In the Gospels, again, we see that the home is a place of comfort and security. Jesus rests in Mary and Martha’s home (Luke 10:38). After the crucifixion John takes Mary “into his own home.” (John 19:27). When in the Acts of the Apostles, in Macedonia, Lydia, a new convert, is accepted into the church, she immediately invites Paul and his companions to stay in her home. She is showing the virtue of hospitality, but this incident is more than that. By accepting her offer, Paul and his companions are accepting Lydia. In Matthew 8:20 Jesus laments “Foxes have holes, and birds of the air have nests but the Son of Man has nowhere to lay his head.” The absence of a “home” is clearly a reason for sadness.
This very brief set of biblical examples could be expanded upon with many other references that illustrate that a home is a blessing, a place that is special. Is it too much to say that there is a sanctity in a home and its violation is an especial sin? In Micah 2:2 this is addressed quite specifically: “Alas for those who devise wickedness and evil deeds on their beds! When the morning dawns, they perform it because it is in their power. They covet fields and seize them; houses and take them away; they oppress householders and house, people and their inheritance. Therefore thus says the Lord…..”
Homes are special. To violate them in any way is wrong. Violation can come in many forms but the deliberate destruction of Palestinian homes such as we have seen in the last week is especially sinister. Such destruction is explicitly condemned by Hebrew scriptures.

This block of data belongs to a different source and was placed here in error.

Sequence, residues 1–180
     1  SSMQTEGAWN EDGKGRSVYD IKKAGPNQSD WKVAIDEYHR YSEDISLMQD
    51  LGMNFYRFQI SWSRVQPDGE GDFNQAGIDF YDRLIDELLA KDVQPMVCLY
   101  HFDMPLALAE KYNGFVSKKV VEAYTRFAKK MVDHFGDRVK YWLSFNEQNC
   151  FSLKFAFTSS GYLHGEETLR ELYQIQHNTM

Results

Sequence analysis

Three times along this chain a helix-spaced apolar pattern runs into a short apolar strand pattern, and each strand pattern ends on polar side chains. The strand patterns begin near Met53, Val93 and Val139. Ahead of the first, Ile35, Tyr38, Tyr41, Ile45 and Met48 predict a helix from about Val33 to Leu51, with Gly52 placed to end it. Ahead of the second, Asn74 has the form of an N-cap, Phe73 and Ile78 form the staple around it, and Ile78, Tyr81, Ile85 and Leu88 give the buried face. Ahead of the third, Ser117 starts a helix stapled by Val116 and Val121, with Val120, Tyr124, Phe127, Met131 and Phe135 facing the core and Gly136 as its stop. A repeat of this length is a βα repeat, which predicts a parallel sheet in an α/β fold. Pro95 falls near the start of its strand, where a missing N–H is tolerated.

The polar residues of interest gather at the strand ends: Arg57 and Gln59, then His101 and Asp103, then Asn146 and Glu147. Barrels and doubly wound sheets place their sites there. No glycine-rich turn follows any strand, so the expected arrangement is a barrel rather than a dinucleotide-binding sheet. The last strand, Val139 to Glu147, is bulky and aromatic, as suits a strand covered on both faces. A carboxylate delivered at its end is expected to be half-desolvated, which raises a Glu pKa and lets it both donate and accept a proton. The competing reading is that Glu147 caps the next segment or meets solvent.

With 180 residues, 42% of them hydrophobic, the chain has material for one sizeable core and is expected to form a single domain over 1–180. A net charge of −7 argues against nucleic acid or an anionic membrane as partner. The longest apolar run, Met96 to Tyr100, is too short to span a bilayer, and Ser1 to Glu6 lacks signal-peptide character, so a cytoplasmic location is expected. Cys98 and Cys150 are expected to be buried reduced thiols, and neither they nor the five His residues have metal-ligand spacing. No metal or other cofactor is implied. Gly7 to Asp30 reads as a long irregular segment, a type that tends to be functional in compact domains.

[i] In the Oslo Accords most of the West Bank was divided into three areas, A, B & C. Area “A” was in full Palestinian control, area “C” in full Israeli control and area “B” in shared control. This was meant to be a temporary measure in 1993 for up to five years but it still applies today.
6 thoughts on “The Sanctity of Homes”
Thank you John. This new reason for sanctioning demolition leaves so many lives overshadowed.
I was in the ‘Holy Land’ at the time of the first Intifada, and since then I see some of the news items about the country with growing concern and pain. There is so much historical and theological understanding and misunderstanding about the land ‘promised to our forefathers’.
I try to visualise myself in the rubble of MY demolished home.
When shall we realise that we are all one human race?
‘Who is my neighbour?’
What I find really difficult in this era is to criticize Israel’s actions, without being labeled as anti-Semitic. A justice group I’m a part of has been struggling with that issue.
Members of the Labour Party have been criticised as anti Semitic because they question the actions of the Israeli government, not the Jewish faith. The friends of Israel do not want a British government that is pro Palestinian.
The Bible unfortunately can justify some terrible things. Neighbour is unfortunately defined as anyone who thinks the same as you.
PS, I have been criticised for not wanting to go to Israel to tour the Holy Land, although I would love to, because I do not want to support the state of Israel in any way.
Yes, John. That’s why I’ve never been, even on a tour deliberately visiting Christian Palestinians.
Having just read ‘Blood brothers’ by Elias Chacour, and heard him speaking on some YouTube films, I feel utterly small in comparison to what he has experienced. I just love the way he introduces himself as a Palestinian-Arab-Israeli-Christian, an Arch-bishop of the Catholic Melkite church in northern Galilee! – but I have the feeling that if he nad to dispense with any part of that it would be the title of Bishop.